• Antihistamine
  • Allergy eye drops
  • Calamine lotion
  • Hydrocortisone cream

Young girl having a stomach ache.

Stomach and Digestive Issues
An upset stomach can be a mild discomfort or a sharp pain that causes disturbance in your life and activities. Deal with any potential stomach problems by keeping these in your family’s medicine cabinet:

  • Antacids
  • Antidiarrheal medication
  • Laxatives
  • Activated charcoal – this is in the event a child is poisoned as ipecac syrup is no longer recommended to treat an accidental poisoning

Woman applying band aid on her daughters arm.

Cuts, Scrapes and Burns
Children are especially prone to some bumps, bruises and minor cuts. Always have a remedy on hand by storing a good supply of the following in your family’s medicine cabinet:

  • Disinfectant wipes – for wound cleaning
  • Hydrogen peroxide
  • Antibacterial ointment
  • Gauze pads for cleaning wounds
  • Petroleum jelly
  • Bandages
  • Aloe vera gel

Mother applying sunscreen on her daughters face.

Miscellaneous
Life is unpredictable and sometimes it can be difficult to feel confident that you are prepared. These miscellaneous items help give you added peace of mind that you are ready for whatever injuries or ailments occur in your family:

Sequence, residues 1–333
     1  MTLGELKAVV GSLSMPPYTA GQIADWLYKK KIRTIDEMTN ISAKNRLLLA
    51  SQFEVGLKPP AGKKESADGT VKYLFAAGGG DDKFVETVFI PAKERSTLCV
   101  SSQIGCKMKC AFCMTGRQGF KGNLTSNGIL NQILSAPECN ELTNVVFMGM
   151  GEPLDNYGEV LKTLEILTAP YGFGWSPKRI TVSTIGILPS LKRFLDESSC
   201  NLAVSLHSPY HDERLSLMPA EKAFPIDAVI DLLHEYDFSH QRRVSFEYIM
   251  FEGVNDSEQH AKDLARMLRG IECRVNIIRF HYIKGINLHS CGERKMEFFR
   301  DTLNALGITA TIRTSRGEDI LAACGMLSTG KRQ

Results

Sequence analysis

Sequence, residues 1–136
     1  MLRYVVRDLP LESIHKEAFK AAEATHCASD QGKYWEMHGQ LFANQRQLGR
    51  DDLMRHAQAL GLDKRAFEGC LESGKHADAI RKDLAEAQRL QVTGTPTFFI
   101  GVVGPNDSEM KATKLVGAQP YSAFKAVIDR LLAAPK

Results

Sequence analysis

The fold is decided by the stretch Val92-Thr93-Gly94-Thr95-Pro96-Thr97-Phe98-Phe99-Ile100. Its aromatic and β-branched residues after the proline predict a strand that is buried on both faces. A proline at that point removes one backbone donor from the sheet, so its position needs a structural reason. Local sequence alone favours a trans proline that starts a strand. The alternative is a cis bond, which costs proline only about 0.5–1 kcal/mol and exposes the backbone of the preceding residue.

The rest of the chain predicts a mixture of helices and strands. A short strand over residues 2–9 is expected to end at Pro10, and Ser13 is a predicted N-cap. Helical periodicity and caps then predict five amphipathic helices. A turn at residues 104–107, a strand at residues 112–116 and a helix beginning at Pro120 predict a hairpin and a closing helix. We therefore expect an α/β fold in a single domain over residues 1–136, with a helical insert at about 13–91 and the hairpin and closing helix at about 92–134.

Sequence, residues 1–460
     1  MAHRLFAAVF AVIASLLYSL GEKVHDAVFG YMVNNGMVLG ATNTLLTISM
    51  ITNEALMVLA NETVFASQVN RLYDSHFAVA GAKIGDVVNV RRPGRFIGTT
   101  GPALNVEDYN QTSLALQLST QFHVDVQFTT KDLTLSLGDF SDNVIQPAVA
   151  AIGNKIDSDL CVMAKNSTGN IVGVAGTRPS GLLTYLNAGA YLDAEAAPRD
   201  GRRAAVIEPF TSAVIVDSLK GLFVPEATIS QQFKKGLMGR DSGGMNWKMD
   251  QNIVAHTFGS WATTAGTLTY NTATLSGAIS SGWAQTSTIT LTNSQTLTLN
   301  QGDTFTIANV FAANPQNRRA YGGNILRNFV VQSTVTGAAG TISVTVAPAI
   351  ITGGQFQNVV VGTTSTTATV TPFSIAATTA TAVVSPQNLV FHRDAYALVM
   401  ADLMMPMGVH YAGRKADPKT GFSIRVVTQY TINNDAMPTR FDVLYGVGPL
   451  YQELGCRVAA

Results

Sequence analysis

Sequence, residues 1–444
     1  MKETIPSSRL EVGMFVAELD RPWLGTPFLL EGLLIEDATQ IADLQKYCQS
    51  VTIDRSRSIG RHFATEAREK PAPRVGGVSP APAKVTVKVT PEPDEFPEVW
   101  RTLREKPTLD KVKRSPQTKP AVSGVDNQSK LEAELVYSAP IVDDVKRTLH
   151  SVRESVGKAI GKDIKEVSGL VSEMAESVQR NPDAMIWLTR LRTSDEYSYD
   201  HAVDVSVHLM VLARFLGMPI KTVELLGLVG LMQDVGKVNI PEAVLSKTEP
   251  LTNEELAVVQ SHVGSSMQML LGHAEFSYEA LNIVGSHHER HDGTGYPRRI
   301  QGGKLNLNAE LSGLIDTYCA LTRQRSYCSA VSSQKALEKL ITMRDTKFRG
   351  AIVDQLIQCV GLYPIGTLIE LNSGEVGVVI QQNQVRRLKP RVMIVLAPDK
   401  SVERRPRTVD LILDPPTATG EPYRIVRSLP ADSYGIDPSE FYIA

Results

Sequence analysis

• Latex gloves – for wound cleaning
  • Medical adhesive tape
  • Antifungal medication
  • Insect repellant
  • Extra soap
  • Tweezers
  • Sunscreen

By spending a bit of time organizing the items your family may need, you save a lot of headaches in the event you are caught unprepared. Remember to check the medicine cabinet regularly (once a month) to see what may need to be repurchased so that you are ready for any malady that may occur.

Everyday Basics you Need in Your Medicine Cabinet – Vine Vera Reviews

Medicine cabinets contain everything from items for personal grooming to the prescriptions you must take daily. However, even if your medicine cabinet is so full it’s practically bursting, chances are that you don’t have many of the essential items one should always keep on hand. Vine Vera recommends you to keep your medicine cabinet stocked with everyday essentials, so that you are prepared for any ailment or injury that comes your way.

Woman choosing medicines from a medicine cabinet.

Aches, Pains and Fevers
Nothing is worse than coming down with things like a sudden fever or a headache that strikes out of nowhere and to have nothing to take. The last thing you want to do when you aren’t feeling your best is to run out to the store. For this reason, here are items related to pain that should always be in your medicine cabinet.

  • Aspirin
  • Acetaminophen
  • Ibuprofen
  • Thermometer

Woman having cough syrup.

Coughs, Colds and Congestion
When a coughing fit strikes in the middle of the night, you want to be sure you have the appropriate remedy so that you can still get a good night’s rest. The following are important everyday medicine cabinet staples.